Researchers Say Teen Drug Use Greatly Increases Addiction Risk Later In Life
According to Harvard researchers, people who experiment with substances early in life may be at the highest risk for addiction as they grow older. This conclusion resulted from a review of data, including a 2001 study that found adolescent rodents became addicted to cocaine faster than their adult counterparts.
In addition, young adult rats also exhibited preferences for nicotine-associated environments after a single drug-environment pairing. Conversely, adult rats often did not exhibit preferences even after multiple pairings.
Chloe Jordan, Ph.D., researcher, Harvard Medical School’s McLean Hospital:
“We discuss evidence suggesting that people who start drug abuse really early are more likely to become addicted in life. We reviewed evidence and the best way to reduce the rate of addiction in our society is preventive measures.”
Jordan and another researcher, Susan Andersen, Ph.D., studied adolescents and the function of behaviors related to rewards and risks, in effort to determine how the adolescent brain becomes susceptible to drug use during the teenage years.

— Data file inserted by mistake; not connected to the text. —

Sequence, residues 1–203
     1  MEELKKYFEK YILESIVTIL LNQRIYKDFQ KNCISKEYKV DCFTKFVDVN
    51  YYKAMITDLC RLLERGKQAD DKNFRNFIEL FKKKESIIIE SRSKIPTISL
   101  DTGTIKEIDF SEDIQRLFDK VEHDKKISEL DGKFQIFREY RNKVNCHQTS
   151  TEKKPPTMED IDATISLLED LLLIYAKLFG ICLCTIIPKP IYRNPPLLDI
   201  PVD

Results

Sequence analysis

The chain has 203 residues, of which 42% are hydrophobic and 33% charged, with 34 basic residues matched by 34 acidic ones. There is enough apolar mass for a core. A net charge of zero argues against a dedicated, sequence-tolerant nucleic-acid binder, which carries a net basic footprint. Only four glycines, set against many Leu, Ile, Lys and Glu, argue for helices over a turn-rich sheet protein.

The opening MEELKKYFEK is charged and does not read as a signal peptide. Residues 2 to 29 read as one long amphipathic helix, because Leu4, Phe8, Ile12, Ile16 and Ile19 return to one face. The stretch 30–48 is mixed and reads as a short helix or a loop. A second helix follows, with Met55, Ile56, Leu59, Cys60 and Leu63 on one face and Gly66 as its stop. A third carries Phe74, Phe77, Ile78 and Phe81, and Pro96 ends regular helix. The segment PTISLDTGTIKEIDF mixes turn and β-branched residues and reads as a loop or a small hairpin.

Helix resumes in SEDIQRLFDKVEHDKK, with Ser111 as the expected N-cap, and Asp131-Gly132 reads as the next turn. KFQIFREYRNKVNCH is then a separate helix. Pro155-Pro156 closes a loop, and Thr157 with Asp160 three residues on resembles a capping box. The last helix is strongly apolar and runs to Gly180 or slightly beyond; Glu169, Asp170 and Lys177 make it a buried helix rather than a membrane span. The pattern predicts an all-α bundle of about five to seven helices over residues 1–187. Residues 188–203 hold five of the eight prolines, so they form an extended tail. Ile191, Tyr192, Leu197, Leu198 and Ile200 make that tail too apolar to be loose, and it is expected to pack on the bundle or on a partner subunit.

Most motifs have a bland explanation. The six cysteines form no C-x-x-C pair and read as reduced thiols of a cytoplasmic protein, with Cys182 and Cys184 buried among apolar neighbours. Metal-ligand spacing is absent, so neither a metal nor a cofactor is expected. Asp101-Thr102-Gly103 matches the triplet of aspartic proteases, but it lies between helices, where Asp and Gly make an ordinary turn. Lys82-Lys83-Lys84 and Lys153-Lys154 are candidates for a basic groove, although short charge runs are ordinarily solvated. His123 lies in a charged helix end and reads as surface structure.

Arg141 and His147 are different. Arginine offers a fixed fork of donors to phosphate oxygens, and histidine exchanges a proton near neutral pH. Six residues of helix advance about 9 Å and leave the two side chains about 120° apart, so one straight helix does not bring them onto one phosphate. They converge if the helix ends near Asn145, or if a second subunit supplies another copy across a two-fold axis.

This developmental stage is characterized by increased aggression, impulsiveness, and hyperactivity. Past research has shown that drug use in teenagers may result in cognitive impairments. Thus, as they grow older, they continue to garner as much pleasure from drugs as they did when they first began using.
Because the adolescence stage lasts for just days rather years in animal models, rats were used to conduct experiments that would have take much longer using human participants. And much like humans, adolescent rats (when compared to adults) began self-administering cocaine faster and exhibited increased resistance to treatment.
Jordan had a message for parents who are dealing with teen drug use:
“Social support is one of the most important and successful ways of helping someone with substance use disorder. Talk to them, never give up, and don’t feel at fault.”
~ G. Nathalee Serrels, M.A., Psychology